• ROSE HIPS: This natural form of vitamin C is very expensive, so nobody sells it exclusively (to my knowledge). Manufacturers put a little in with the synthetic source for marketing purposes. In its natural state, meaning mixed by Mother Nature with attending bioflavonoid fractions, there’s little question (to those who treat with it regularly) that less amount of rose hips is needed for an equivalent biological action.
  • ACEROLA VITAMIN C: This is another natural form (from a tropical American shrub). Like rose hips, acerola is usually mixed with synthetic.
  • VITAMIN C COMPLEX: This is somewhat non-specific, and can be any group of related items, such as multiple salts of C (calcium, magnesium, potassium, sodium ascorbates, for example).
  • ESTER C: There is an issue concerning Ester C, touted as stronger than the standard form. I don’t think it’s any stronger, and neither did Dr. Linus Pauling, though you’ll see commercials that indicate otherwise. Some people do feel it has less of a tendency to upset their stomach, however.
  • FAT SOLUBLE VITAMIN C: The fat-soluble form of vitamin C is called ascorbyl palmitate, and is better absorbed and stored by the body than water-soluble forms. (All the other forms of C are water-soluble.) Ascorbyl palmitate is harder to find, and more expensive.

Glimpse of the future

As I’ve mentioned in previous e-Alerts, the amount of any vitamin you take is not necessarily the amount that your body ends up absorbing and ultimately putting to use.

Stating that, “Absorption is the key to everything,” Dr. Spreen tries to give the body what he calls “luxuriant amounts” of nutrients (which he believes it can handle in high doses, as opposed to drugs), and hopes the body gets what it needs.

Complicating the absorption issue is the fact that your body’s ability to absorb nutrients is not necessarily the same from one day to the next. Dr. Spreen says, “The degree of vitamin C absorption changes depending upon the dose ingested and the body’s need at any particular time. For example, 6000 milligrams might cause loose stools in a given healthy person when the same person during a bout with the flu might be able to take 20,000 milligrams without difficulty.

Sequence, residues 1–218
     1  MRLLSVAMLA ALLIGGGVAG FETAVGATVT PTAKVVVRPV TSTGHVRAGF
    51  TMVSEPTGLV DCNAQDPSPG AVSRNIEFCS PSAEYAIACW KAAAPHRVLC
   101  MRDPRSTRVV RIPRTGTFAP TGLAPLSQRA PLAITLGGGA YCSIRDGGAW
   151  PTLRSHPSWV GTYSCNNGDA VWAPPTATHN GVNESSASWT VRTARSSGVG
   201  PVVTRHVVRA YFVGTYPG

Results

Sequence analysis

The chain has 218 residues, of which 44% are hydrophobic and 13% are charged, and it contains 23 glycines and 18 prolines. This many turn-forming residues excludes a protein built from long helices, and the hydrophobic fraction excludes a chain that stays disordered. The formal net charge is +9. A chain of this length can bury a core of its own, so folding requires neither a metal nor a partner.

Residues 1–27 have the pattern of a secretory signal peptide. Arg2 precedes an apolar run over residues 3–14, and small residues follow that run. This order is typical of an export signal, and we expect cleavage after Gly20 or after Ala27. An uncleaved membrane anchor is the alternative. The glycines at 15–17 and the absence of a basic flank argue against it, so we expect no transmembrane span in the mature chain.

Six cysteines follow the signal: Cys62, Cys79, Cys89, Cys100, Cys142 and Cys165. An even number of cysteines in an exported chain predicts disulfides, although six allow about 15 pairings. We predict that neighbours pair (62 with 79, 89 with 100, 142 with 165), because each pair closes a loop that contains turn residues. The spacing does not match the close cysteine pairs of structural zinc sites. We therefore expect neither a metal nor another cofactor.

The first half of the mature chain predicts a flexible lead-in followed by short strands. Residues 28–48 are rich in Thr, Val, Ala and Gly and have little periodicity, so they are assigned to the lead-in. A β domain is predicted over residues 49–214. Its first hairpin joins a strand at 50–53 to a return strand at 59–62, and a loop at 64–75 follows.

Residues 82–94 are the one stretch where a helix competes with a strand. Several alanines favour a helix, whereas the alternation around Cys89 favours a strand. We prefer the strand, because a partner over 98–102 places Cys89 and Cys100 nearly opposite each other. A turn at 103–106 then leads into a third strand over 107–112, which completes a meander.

“Some people are less tolerant to vitamin C in the acid form. For them switching to the salt form (sodium ascorbate, calcium ascorbate, magnesium ascorbate, etc.) often permits far higher tolerance.”

Dr. Spreen also points out that absorption may be facilitated by the regular use of vitamin C. “Assuming you take enough (RDA amounts won’t do it), high doses of vitamin C ‘awaken’ dormant enzyme systems that can utilize the additional doses of the nutrient. Over a period of time they get used to having the higher dose and ‘jack up’ to accommodate. In my opinion the medicine of the future will be highly tailored around enzymes, utilized purely for optimizing the absorption of the nutrients we’re eating, whether as foods or supplements.”

Function follows form

As a final note, Dr. Spreen recommends that vitamin C (as well as other vitamins) be taken in capsule-form or powdered. If you take a pill-form, make sure it dissolves quickly in water.

And if you have any questions about vitamin C (or any other nutritional topic), please pass them along and I’ll ask Dr. Spreen to answer them.

To Your Good Health,

Jenny Thompson
Health Sciences Institute